Vivint Solar's $200 million IPO registration document appeared in the wee hours this morning and gives a little bit of background on the fast-growingsolarinstaller and financier. Ranked second only to SolarCity as an installer, Vivint Solar could also benefit from the increased access to capital afforded by going public.
The IPO hopeful is the solar integrator and PPA financier unit within Vivint, one of the largest home-alarm system and home automation companies, which was acquired by Blackstone for more than $2 billion in September 2012. Vivint has more than 675,000 customers for its home security and automation services across the country.
We'll provide from basic data for now and get you some more detailed analysis throughout the day.
Tidbits from the S-1
Vivint is growing fast -- and losing money fast as well.
Vivint Solar has installed a total of 129.7 megawatts of solar at more than 21,900 homes in seven states, with an average solar system size of approximately 5.9 kilowatts.
The company has raised nine investment funds to which banks have committed to invest approximately $443 million. This will allow Vivint to install PV systems of approximately $1.1 billion in value.
Vivint Solar also has LOIs from three financial institutions in amounts totaling up to $250 million, enough to fund approximately 111 megawatts of future rooftop installations.
The company notes that "the recent acquisition of Zep Solar, Inc., who sold us virtually all of the racking systems used in our hardware in 2013, by one of our competitors and the resulting limitation in our ability to acquire Zep Solar, Inc. products required us to redesign certain aspects of our systems to accommodate alternative racking hardware."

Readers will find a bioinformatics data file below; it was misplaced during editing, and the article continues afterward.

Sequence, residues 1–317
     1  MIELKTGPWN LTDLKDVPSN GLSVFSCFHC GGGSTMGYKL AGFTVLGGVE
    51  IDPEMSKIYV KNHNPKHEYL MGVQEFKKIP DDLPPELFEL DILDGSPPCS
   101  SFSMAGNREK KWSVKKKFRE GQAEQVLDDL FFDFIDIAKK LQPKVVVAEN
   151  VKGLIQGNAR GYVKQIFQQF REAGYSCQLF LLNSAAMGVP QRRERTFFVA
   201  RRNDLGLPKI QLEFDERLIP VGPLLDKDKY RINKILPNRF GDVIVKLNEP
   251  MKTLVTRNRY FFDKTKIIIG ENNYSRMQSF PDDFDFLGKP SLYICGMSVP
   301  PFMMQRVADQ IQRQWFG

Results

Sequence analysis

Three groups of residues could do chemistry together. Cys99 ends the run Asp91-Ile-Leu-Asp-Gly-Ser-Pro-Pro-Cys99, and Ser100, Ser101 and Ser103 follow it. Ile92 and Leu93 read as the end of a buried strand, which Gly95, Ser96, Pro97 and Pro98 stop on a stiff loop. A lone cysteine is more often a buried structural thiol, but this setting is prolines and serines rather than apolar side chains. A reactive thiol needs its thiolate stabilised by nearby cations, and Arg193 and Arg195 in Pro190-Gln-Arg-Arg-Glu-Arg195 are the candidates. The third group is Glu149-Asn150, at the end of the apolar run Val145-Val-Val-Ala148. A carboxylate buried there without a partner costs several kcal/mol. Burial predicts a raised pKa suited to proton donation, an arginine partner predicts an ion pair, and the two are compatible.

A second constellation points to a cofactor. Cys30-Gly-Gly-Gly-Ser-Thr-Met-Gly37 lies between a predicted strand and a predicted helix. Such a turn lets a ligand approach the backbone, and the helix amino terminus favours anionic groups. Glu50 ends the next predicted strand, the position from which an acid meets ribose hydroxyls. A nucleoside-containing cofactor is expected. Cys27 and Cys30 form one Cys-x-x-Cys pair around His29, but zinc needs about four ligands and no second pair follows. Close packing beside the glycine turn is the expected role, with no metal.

|2012||2013||First 6 months of 2014|
|Megawatts Installed||14.4 MW||58 MW||56.8 MW|
Here are some of the points that caught the eyes of our analysts:
- The company had this to say about its relationship with Zep: "We have successfully transitioned away from using racking systems procured from Zep Solar, Inc., although we currently have a limited inventory remaining in certain of our markets which we are using primarily as replacement parts on service calls. Once that inventory is gone, we will no longer use any racking systems from Zep Solar, Inc. We believe that our new racking system providers will be able to meet all of our needs going forward, and we do not expect any interruption to our business as a result of, or following, this transition."
- Average FICO score across all Vivint customers: 750
- "Most of our current customer contracts contain price escalators ranging from 2.9% to 3.9% annually."
- Assumed O&M and asset management costs over the lifetime of the system is $0.60 per watt to $0.80 per watt
- Solmetric acquisition was $12.2 million.
- Five funds are using partnership-flip, and four funds are using inverted leases.
- Sales turnover is high: "43% of the sales force on January 1, 2013 were no longer providing services to us by the end of the year."